The Book of Judges

Chapter 19

A Levite goes to Beth-lehem to return home his concubine, 1-15. An old man entertains him at Gibeah, 16-21. The Gibeonites abuse his concubine to death, 22-28. He divides her into twelve pieces and sends them to the twelve tribes, 29, 30.

1 And it came to pass in those days, when there was no king in Israel, that there was a certain Levite dwelling on the side of mount Ephraim, who took for himself a concubine out of Beth-lehem-judah. 2 And his concubine played the harlot against him and went away from him to her father's house to Beth-lehem-judah, and was there four whole months. 3 And her husband arose and went after her to speak kindly to her and to bring her back, having his servant with him and a couple of donkeys. And she brought him into her father's house. And when the father of the young woman saw him, he rejoiced to meet him. 4 And his father-in-law, the young woman's father, retained him, and he stayed with him three days. So they ate and drank and lodged there. 5 And it came to pass on the fourth day, when they arose early in the morning, that he arose to depart, and the young woman's father said to his son-in-law, "Comfort your heart with a morsel of bread and afterward depart." 6 And they sat down and ate and drank both of them together, for the young woman's father had said to the man, "Be content, I pray you, and stay all night, and let your heart be merry." 7 And when the man rose to depart, his father-in-law urged him; therefore, he lodged there again. 8 And he arose early in the morning on the fifth day to depart, and the young woman's father said, "Comfort your heart, I pray you." And they waited until afternoon, and the both of them ate. 9 And when the man arose to depart—he, his concubine, and his servant—his father-in-law, the young woman's father, said to him, "Behold now the day draws toward evening, I pray you stay all night. Behold, the day is coming to an end. Lodge here so that your heart may be merry. And tomorrow get on your way early so that you may go home."

10 But the man would not stay that night, but he arose and departed and came over against Jebus, which is Jerusalem. And there were with him two saddled donkeys. His concubine was also with him. 11 And when they were by Jebus, the day was far spent. And the servant said to his master, "Come, I pray you, and let us turn in to this city of the Jebusites and lodge in it." 12 And his master said to him, "We will not turn aside here into the city of a stranger that is not of the children of Israel. We will pass over to Gibeah." 13 And he said to his servant, "Come, and let us draw near to one of these places, and we will lodge all night in Gibeah, or in Ramah." 14 And they passed on and went their way. And the sun went down upon them when they were by Gibeah, which belongs to Benjamin. 15 And they turned aside there to go in and to lodge in Gibeah. And when he went in, he sat down in a street of the city, for there was no man who took them into his house to lodge.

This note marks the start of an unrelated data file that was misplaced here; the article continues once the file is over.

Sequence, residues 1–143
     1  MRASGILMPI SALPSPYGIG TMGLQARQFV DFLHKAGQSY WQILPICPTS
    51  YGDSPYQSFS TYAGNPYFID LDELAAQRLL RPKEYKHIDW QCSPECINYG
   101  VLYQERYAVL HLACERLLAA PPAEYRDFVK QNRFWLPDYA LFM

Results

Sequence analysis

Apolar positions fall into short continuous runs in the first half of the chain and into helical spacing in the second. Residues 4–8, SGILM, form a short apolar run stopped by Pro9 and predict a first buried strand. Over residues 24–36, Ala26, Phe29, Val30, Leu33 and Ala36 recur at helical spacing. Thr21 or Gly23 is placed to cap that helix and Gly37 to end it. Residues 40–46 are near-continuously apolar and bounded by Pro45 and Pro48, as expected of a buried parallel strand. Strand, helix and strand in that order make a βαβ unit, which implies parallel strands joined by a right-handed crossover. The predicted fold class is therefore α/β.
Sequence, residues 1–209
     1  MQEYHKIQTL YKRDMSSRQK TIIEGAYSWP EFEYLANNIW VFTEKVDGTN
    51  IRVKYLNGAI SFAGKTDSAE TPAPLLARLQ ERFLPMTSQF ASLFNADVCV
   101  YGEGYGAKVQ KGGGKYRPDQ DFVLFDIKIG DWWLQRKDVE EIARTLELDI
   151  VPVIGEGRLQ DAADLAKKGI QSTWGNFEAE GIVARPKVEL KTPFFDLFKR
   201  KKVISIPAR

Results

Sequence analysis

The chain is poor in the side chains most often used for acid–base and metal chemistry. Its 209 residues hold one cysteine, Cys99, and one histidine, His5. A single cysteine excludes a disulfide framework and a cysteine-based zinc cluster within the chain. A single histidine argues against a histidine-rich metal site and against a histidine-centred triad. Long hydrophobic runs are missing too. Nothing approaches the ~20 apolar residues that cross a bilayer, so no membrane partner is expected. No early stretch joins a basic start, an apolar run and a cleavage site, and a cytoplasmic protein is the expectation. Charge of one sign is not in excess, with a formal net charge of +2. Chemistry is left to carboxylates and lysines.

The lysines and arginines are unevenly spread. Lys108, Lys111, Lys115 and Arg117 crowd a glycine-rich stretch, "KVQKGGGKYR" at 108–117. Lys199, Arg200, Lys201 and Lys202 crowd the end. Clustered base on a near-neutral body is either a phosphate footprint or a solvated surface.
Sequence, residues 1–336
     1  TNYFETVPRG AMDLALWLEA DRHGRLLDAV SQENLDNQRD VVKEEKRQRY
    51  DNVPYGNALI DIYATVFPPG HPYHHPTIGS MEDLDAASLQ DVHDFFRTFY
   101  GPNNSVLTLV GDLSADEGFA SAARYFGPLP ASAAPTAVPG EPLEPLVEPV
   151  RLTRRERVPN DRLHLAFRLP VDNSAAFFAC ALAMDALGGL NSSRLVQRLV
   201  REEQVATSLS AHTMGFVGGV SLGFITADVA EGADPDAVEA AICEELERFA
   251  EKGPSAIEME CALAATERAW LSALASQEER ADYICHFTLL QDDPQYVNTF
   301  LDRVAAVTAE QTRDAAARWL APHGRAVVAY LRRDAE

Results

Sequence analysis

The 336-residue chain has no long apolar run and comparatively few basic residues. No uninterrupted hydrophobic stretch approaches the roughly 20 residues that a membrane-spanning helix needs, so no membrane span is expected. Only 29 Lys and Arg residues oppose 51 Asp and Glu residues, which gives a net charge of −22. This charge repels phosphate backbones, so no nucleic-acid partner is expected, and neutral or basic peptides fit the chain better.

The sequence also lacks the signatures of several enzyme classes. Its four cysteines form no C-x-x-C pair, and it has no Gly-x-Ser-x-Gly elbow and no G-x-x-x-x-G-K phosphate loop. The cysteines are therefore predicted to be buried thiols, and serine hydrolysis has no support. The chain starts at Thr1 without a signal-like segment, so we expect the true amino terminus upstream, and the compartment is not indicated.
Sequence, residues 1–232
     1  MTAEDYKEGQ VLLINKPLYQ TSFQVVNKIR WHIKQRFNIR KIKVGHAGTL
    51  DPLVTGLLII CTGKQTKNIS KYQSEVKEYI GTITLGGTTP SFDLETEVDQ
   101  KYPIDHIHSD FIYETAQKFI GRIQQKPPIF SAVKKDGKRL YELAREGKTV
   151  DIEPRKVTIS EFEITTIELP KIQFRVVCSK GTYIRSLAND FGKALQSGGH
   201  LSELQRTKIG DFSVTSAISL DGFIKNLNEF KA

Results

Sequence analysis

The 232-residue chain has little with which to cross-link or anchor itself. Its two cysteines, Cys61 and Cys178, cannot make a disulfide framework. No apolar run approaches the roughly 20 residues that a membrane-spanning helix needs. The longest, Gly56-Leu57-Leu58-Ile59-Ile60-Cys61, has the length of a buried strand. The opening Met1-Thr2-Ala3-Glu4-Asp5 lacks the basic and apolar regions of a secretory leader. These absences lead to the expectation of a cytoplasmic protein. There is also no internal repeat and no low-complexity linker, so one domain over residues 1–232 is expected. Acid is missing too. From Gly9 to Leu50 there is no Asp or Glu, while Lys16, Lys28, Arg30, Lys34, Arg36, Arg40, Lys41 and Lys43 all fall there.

16 And behold, there came an old man from his work out of the field at evening, who was also of mount Ephraim, and he dwelt in Gibeah. But the men of the place were Benjaminites. 17 And when he had lifted up his eyes, he saw a way-faring man in the street of the city. And the old man said, "Where do you go? And where did you come from?" 18 And he said to him, "We are passing from Beth-lehem-Judah toward the side of mount Ephraim. I am from there. And I went to Beth-lehem-judah, but I am now going to the house of the LORD. And there is no man who receives me into his house. 19 Yet there is both straw and provender for our donkeys, and there is bread and wine also for me, for your woman-servant, and for the young man which is with your servants. There is no lack of anything." 20 And the old man said, "Peace be with you; however, let all your needs lie upon me. Only do not lodge in the street." 21 So he brought him into his house and gave provender to the donkeys. And they washed their feet and ate and drank.